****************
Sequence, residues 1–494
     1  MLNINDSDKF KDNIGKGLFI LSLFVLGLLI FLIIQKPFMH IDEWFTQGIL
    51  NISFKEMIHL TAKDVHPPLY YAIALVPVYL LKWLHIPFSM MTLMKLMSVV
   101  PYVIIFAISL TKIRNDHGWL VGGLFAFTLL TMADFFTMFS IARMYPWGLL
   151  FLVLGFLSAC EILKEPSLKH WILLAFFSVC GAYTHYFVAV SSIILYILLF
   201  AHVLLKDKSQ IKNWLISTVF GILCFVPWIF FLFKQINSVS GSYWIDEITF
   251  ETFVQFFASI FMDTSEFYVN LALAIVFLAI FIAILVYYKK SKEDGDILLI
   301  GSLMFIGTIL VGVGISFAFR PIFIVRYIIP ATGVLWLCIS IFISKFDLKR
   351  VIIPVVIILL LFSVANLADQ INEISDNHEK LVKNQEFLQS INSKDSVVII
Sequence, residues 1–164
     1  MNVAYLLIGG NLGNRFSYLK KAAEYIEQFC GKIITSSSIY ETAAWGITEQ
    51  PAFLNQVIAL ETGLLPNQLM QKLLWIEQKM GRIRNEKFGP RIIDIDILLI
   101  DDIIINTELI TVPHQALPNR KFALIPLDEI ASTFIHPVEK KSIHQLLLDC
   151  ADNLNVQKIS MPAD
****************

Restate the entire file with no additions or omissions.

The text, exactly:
Sequence, residues 1–494
     1  MLNINDSDKF KDNIGKGLFI LSLFVLGLLI FLIIQKPFMH IDEWFTQGIL
    51  NISFKEMIHL TAKDVHPPLY YAIALVPVYL LKWLHIPFSM MTLMKLMSVV
   101  PYVIIFAISL TKIRNDHGWL VGGLFAFTLL TMADFFTMFS IARMYPWGLL
   151  FLVLGFLSAC EILKEPSLKH WILLAFFSVC GAYTHYFVAV SSIILYILLF
   201  AHVLLKDKSQ IKNWLISTVF GILCFVPWIF FLFKQINSVS GSYWIDEITF
   251  ETFVQFFASI FMDTSEFYVN LALAIVFLAI FIAILVYYKK SKEDGDILLI
   301  GSLMFIGTIL VGVGISFAFR PIFIVRYIIP ATGVLWLCIS IFISKFDLKR
   351  VIIPVVIILL LFSVANLADQ INEISDNHEK LVKNQEFLQS INSKDSVVII
Sequence, residues 1–164
     1  MNVAYLLIGG NLGNRFSYLK KAAEYIEQFC GKIITSSSIY ETAAWGITEQ
    51  PAFLNQVIAL ETGLLPNQLM QKLLWIEQKM GRIRNEKFGP RIIDIDILLI
   101  DDIIINTELI TVPHQALPNR KFALIPLDEI ASTFIHPVEK KSIHQLLLDC
   151  ADNLNVQKIS MPAD